Colo. Officers Appear to Mock Woman with Dementia While Watching Tape of Her Violent Arrest

A lawsuit alleges Karen Garner remained in a jail cell, with a broken and dislocated shoulder, for six hours

Arrest of Karen Garner
The arrest of Karen Garner. Photo: Released by Life and Liberty Law Firm

The family of a 73-year-old Colorado woman who suffers from dementia has filed a federal lawsuit alleging that the three police officers involved in her June 26, 2020, arrest "violently assaulted" her while violating her civil rights as well as the Americans with Disabilities Act.

Sarah Schielke, the lawyer representing Karen Garner, provided PEOPLE with a copy of the lawsuit, which seeks unspecified compensatory, consequential and punitive damages against Loveland, Colo., and three of the city's officers.

Garner was detained by Loveland Police after store employees saw her walking out of a Walmart with $13 worth of items she hadn't paid for.

Body camera footage of the arrest, released on Monday, shows multiple officers taking the confused woman into custody.

The first officer who arrived on scene allegedly grabbed Garner as she was walking away from him. As she was wrestled to the ground, Garner said, "I'm going home" — a phrase she repeated 38 times during her detention.

The lawsuit, filed earlier this month, alleges officers used excessive force during the arrest, dislocating and fracturing her shoulder as they twisted her into submission. She also sustained contusions and a bloody nose.

Surveillance footage from inside the Loveland police station was also obtained by Schielke, who had sound engineers enhance the video's audio.

The video, which contains subtitles PEOPLE has not independently verified, allegedly shows Officer Austin Hopp, Officer Daria Jalali, and Community Service Officer Tyler Blackett — all named in the suit — reviewing and commenting on Hopp's body cam footage.

Arrest of Karen Garner
The arrest of Karen Garner. Released by Life and Liberty Law Firm

With an injured, sobbing Garner handcuffed to a bench in a jail cell a mere 10 feet away from them, the three officers watched Hopp's body camera video back at the station house, they allegedly were "joking about the excessive force" and laughing about injuring her, according to the lawsuit.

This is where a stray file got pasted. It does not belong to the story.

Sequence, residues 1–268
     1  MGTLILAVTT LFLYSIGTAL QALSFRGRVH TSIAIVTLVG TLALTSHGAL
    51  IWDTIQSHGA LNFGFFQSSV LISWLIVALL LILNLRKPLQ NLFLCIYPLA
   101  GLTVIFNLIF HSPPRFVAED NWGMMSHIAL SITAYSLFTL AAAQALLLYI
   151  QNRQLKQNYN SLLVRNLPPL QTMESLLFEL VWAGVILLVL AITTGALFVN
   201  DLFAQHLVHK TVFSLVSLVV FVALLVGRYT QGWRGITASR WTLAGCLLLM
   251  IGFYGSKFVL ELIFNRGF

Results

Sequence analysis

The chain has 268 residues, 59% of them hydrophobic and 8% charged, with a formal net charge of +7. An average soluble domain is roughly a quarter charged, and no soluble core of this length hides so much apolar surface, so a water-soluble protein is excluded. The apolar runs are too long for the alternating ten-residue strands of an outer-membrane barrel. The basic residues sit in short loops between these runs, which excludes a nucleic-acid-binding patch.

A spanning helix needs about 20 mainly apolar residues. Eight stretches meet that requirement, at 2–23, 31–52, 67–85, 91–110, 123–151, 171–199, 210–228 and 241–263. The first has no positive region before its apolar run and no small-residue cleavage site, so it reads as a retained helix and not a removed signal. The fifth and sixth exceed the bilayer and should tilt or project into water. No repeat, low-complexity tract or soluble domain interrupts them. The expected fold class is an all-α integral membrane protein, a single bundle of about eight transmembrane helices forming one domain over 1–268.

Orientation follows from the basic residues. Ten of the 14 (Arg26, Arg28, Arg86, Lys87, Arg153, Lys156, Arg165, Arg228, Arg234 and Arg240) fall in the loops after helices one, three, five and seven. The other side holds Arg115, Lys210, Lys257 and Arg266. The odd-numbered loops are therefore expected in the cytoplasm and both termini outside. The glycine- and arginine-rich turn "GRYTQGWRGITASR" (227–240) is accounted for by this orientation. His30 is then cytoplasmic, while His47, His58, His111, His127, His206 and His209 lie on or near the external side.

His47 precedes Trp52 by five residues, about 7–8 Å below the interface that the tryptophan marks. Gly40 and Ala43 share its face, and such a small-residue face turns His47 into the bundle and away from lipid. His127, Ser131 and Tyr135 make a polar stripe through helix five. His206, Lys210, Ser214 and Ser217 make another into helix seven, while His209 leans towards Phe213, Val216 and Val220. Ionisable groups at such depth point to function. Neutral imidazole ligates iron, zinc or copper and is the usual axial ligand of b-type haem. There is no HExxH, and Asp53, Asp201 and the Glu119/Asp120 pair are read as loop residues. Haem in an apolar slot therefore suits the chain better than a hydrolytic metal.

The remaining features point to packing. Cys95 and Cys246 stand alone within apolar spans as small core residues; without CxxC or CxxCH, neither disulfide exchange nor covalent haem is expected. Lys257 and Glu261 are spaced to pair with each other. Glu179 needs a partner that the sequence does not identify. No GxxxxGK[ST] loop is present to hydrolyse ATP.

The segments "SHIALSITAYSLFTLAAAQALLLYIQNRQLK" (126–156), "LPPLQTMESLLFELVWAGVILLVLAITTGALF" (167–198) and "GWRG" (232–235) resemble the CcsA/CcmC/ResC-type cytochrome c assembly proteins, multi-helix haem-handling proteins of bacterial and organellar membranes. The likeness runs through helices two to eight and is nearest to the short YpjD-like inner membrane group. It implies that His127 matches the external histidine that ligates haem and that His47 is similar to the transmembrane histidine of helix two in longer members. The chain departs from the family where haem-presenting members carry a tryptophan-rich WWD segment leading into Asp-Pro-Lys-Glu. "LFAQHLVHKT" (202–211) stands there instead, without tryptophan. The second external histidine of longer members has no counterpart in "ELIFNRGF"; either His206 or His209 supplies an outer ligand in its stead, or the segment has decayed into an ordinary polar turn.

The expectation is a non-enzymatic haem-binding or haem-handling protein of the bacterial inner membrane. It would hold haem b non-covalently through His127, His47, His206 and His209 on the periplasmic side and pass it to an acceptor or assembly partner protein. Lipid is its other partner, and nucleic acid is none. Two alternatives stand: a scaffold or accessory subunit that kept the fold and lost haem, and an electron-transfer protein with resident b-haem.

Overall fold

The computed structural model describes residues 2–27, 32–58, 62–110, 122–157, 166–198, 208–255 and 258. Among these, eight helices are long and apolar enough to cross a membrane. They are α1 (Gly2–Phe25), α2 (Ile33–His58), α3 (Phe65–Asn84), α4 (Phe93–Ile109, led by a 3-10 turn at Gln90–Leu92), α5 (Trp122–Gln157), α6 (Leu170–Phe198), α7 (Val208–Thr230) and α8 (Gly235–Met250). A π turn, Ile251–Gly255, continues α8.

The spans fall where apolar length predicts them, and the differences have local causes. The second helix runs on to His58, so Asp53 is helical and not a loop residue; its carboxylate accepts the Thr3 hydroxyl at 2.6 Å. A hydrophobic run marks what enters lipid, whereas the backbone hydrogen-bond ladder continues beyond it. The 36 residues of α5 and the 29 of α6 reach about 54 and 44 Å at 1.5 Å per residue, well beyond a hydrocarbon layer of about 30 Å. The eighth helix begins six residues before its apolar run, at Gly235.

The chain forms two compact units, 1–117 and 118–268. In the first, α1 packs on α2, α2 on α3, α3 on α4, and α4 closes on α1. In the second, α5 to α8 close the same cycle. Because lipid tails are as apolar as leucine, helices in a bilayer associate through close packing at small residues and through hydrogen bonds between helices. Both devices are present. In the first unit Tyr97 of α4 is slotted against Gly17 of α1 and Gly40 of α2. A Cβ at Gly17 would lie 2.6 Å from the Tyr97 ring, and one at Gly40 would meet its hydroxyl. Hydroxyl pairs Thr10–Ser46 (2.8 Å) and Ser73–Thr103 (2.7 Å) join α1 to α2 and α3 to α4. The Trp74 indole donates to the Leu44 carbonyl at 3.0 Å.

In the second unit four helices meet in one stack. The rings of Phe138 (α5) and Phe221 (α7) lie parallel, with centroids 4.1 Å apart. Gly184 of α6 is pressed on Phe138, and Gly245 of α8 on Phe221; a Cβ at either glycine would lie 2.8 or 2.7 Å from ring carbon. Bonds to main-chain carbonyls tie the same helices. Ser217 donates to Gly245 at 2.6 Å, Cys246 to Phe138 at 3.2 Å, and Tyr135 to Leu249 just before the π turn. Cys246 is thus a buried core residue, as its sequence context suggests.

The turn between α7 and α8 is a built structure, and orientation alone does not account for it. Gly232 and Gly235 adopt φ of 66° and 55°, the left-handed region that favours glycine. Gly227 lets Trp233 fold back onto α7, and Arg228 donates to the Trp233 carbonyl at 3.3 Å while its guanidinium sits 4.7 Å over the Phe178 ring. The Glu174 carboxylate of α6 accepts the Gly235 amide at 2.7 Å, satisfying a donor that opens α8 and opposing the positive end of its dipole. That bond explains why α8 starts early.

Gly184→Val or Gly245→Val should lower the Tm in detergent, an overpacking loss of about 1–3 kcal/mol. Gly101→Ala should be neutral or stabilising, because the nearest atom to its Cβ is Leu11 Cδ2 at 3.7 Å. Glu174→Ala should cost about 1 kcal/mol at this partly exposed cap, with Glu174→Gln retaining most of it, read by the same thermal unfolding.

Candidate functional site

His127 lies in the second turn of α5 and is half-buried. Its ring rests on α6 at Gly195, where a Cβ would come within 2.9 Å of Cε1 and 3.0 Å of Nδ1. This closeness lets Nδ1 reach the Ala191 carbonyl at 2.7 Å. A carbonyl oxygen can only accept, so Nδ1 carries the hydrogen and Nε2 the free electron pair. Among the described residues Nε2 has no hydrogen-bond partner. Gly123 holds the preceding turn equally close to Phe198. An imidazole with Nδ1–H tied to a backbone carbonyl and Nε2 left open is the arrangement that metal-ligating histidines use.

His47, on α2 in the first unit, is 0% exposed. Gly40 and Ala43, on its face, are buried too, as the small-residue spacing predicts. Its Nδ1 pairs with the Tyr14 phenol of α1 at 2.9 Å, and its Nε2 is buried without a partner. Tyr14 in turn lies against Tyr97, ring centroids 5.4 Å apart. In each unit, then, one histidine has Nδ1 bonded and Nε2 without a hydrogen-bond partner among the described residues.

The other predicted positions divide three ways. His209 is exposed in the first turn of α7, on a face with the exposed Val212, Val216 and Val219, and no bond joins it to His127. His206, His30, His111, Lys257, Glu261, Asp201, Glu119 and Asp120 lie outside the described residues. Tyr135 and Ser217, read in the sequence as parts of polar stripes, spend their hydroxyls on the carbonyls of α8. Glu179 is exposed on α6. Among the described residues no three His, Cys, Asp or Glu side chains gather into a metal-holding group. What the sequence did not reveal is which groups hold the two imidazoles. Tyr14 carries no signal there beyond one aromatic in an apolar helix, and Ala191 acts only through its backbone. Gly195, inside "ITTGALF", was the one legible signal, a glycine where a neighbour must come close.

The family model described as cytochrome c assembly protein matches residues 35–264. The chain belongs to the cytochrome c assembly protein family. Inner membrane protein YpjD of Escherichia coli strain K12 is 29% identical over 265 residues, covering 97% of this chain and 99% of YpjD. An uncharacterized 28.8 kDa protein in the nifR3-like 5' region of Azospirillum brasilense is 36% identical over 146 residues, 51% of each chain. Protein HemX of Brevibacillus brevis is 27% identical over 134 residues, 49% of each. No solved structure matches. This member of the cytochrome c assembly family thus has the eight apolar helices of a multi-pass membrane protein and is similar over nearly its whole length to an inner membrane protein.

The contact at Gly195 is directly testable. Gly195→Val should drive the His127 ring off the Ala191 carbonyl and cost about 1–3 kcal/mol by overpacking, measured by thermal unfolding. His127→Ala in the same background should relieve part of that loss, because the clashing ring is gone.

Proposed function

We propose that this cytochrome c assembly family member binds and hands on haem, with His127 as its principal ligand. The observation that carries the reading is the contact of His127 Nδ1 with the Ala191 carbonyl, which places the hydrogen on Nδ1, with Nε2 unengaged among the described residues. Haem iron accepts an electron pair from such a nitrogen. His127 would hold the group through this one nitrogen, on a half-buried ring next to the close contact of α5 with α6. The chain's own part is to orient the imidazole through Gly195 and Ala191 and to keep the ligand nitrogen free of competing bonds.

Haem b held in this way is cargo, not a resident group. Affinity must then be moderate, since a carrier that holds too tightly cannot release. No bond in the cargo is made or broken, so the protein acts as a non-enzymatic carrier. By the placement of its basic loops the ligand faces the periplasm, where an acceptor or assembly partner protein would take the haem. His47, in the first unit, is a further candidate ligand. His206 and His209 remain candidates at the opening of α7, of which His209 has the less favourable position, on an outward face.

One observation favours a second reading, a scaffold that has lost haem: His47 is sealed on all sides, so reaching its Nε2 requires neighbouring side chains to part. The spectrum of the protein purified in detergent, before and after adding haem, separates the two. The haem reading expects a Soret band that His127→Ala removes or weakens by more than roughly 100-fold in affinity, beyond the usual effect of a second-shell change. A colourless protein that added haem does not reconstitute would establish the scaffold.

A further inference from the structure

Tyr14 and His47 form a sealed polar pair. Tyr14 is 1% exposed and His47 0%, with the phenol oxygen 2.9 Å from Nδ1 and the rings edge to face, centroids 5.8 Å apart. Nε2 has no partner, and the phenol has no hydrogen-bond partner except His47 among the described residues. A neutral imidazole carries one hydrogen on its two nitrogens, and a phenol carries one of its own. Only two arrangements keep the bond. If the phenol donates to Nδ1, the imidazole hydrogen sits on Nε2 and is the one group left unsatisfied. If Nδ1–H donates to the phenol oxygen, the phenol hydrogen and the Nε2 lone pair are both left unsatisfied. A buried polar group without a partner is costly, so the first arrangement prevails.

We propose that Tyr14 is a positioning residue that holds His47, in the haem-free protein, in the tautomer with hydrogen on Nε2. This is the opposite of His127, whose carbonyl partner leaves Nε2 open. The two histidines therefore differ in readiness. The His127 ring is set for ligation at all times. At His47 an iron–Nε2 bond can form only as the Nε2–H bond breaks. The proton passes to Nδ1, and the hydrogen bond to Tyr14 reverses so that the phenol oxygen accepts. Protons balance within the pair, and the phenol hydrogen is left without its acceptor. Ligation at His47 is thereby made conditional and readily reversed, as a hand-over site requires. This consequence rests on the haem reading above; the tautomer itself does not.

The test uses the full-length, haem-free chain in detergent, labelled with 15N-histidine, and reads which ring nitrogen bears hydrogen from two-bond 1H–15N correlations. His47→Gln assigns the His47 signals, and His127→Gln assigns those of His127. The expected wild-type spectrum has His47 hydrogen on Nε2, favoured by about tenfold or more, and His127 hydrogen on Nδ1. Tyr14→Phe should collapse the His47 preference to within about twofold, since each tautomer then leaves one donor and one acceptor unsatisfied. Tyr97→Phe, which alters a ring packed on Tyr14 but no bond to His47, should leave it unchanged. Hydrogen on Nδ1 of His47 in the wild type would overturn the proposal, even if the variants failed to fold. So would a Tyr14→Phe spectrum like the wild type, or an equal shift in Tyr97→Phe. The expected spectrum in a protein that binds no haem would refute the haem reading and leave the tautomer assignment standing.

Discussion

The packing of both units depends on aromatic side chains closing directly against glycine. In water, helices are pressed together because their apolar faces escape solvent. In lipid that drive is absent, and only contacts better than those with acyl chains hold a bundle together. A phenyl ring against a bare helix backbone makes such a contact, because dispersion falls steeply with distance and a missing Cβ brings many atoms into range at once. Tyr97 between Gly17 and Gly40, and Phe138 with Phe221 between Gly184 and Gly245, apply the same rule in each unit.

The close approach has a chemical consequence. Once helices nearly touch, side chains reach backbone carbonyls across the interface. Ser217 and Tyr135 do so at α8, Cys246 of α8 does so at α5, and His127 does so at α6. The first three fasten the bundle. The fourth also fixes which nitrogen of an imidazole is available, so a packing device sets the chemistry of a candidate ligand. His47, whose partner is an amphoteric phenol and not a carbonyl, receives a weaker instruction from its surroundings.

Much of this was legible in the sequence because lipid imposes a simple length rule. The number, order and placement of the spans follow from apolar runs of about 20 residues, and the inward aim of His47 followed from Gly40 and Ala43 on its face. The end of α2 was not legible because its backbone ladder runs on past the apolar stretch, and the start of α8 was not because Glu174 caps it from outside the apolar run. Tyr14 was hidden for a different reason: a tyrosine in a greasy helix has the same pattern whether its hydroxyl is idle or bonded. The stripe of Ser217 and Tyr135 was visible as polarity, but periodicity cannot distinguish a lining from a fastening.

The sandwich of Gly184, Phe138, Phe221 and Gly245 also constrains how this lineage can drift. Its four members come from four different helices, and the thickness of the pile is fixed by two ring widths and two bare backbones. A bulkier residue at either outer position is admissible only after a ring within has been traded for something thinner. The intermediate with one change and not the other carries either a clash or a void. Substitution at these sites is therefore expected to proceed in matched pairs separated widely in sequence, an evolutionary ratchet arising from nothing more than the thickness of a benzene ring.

The footage allegedly also shows them watching film of themselves intimidating a private citizen who stopped to complain while witnessing the arrest — and then allegedly "fist-bumping" to celebrate that they had done so, states the lawsuit.

At one point, Hopp allegedly prepares the other two officers watching for the moment Garner's shoulder's dislocated, saying, "Ready for the pop? Here comes the pop."

As Jalali covers her eyes, upset by the footage, she repeats, "I hate it." Hopp allegedly replies, "I love it."

Garner remained in the cell, her injuries untreated, for six hours, the suit alleges.

The case against Garner has been dropped, and she faces no criminal charges.

County officials have launched an investigation into the allegations of excessive force outlined in the lawsuit.

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"This is utterly disgusting," Schielke says in the press release. "These videos cannot be unseen or unheard. I am sorry to have to share them with the public. This will be traumatic and deeply upsetting for everyone to see. But as it often goes with bad police departments, it seems this is the only way to make them change. They have to be exposed."

She added that the Loveland Police Department "failed Karen Garner. They failed the community. And they did it all on camera."

A call to the department seeking comment was not returned by press time.

The Loveland Police Department has placed Hopp on administrative leave, reports The Denver Post.

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